There are some things that are completely unbelievable; Jennifer Lopez as a cleaning lady is one of them. But that might change once her new film, Maid in Manhattan, is released Friday. She plays Marisa Ventura, a single mom from the Bronx who works as a maid in a five-star Manhattan hotel. Her life takes a spin when she pretends to be a wealthy socialite to capture the affections of a high-profile politician (Ralph Fiennes).
During a recent interview at New York’s Waldorf-Astoria hotel (where the movie was filmed), Lopez admits the role hit close to home.
QUESTION: How did you research; did you wear an apron and actually dust and clean?
ANSWER: Well, I’ve lived in hotels my whole adult life it feels like, but also, they showed us these tapes on how to do everything properly. Like how to make the bed exactly, hang the towels exactly, open the curtains exactly, so we all really got into those tapes. I’m a very clean person; I think that’s why it was fun for me. I could learn how to get those bed corners in the right way.
Q: People are saying this is a semi-autobiographical project for you.
A: Oh please, that’s so funny. My favorite line in the movie is when I say to Ralph, “I don’t know how you do it, all those cameras in your face all the time!” Did I laugh? Hell yeah! I thought that was hysterical. But really, going back to the Bronx made me realize how far away from this character I’m not. I grew up there for 20 years, two-thirds of my life. I just realized this is the street that I used to walk, I went up these stairs and got on this train. No matter where I’m at or where I live right now, this is who I am. This is what I’ll always be. It’s a good feeling, I felt like I was coming home.
Q: In the film, you have a mean-spirited mother. How was your mom in real life when it came to supporting your career?
A: You have to realize my parents had a ’50s and ’60s upbringing. They were from another country (Puerto Rico) and had a different mentality. It was like, “We’re good here and safe. We’re eating every day, don’t push it.” There was a fear of success because of a fear of failure. Which is why me doing what I wanted to do was such a strange thing for them to understand. I think even the world at large thinks it’s strange for me. They say, “How did this girl from there get to here? How did that happen?”
Q: Your character gets busted trying on a hotel guest’s clothes. Have you ever caught someone modeling your designer threads?
A: All the time! Especially the hair and makeup people and my assistants. They like to put on my long hairpieces. Or they’ll put one of my short skirts or a halter dress and my high heels and start singing my songs to me.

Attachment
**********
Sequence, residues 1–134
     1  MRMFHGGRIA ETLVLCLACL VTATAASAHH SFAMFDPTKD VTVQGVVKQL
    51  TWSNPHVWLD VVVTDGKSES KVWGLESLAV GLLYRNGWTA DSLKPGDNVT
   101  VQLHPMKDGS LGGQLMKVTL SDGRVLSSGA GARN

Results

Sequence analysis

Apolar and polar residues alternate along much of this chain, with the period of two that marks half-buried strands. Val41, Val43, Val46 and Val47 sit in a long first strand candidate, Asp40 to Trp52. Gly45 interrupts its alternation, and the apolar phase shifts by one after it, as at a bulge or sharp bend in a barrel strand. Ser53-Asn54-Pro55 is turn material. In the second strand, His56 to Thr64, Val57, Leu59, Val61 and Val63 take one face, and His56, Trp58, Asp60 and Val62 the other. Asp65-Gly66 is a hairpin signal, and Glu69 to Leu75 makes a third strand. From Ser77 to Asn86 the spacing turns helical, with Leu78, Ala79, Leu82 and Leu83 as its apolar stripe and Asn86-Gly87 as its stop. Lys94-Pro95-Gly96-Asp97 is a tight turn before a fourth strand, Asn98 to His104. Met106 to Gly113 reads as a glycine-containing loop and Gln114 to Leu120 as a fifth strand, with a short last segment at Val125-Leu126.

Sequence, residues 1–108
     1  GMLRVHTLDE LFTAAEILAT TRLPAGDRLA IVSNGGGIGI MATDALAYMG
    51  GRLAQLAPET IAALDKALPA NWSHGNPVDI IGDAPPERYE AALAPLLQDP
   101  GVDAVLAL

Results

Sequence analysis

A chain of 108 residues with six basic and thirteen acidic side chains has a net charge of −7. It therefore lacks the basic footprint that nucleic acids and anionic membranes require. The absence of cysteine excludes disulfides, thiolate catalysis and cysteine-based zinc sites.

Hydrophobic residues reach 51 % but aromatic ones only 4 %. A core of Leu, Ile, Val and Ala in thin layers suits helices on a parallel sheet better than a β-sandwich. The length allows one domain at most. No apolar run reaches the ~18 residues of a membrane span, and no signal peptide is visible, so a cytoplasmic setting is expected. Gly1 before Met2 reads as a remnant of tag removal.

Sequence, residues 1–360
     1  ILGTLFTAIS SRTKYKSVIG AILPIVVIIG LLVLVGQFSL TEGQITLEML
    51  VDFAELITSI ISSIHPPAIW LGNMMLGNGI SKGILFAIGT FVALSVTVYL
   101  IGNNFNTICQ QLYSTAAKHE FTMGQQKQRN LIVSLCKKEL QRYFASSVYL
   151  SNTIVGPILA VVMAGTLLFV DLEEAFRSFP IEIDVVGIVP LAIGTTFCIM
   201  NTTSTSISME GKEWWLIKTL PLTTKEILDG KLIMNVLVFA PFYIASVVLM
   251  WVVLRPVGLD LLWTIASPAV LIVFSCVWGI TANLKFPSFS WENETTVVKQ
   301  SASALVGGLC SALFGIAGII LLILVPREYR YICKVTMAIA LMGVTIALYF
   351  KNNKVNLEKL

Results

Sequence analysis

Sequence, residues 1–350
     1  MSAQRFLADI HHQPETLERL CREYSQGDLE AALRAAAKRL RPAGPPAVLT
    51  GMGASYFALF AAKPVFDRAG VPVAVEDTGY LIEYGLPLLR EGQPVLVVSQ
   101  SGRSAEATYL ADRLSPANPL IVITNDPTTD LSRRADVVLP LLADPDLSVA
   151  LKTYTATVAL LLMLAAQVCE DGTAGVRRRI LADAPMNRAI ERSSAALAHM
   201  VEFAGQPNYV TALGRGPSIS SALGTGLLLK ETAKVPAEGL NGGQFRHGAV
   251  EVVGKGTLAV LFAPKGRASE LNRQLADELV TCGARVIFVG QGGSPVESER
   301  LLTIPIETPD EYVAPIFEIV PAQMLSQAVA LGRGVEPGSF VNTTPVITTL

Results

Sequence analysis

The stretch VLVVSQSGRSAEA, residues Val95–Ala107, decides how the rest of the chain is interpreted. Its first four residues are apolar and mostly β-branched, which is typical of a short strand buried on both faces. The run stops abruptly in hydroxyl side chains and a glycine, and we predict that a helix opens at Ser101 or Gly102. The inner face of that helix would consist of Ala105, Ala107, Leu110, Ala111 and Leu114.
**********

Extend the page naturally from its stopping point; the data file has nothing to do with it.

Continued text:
Q: How are you and Ben Affleck handling the pressure of the media these days?
A: We read the tabloids together, point and say, “Hey, that’s not true,” or “No way, it didn’t happen like that!” Since I’ve been lucky enough to have worked as long as I have, I learned how to deal with it. Now it’s like, whatever, it’s all a part of it. If you aren’t doing anything wrong and have nothing to hide, it’s fine.
Q: When did you know Ben was Mr. Right?
A: I can’t pinpoint that to a certain day or time. He really didn’t do anything wrong, maybe that was it.
Q: You have two movies coming up soon in which you co-star with him. Do you think your romance will affect the reception of the films?
A: As long as the movies are good, people will like them. If they don’t, we’ll take the brunt of that because the next time when we do a movie together and it’s good, they’ll forget about it. It’s all about quality. Actually, we want to do everything together at this point! But I don’t know how many people will invest in that. (Laughs.)
Q: Are you still planning on touring for your new album or would you rather slow down?
A: I’m at the point where I can take a little more time between things. But then I can’t say because I have such a passion for my work. I did (sigh) commit to a tour and we are trying to make it work for next year. We’ll definitely do a TV special either way. But going on the road is another thing. It’s a long commitment. Movies are only three months, a tour is a year-and-half commitment. I don’t know at this point if that is something I want to do.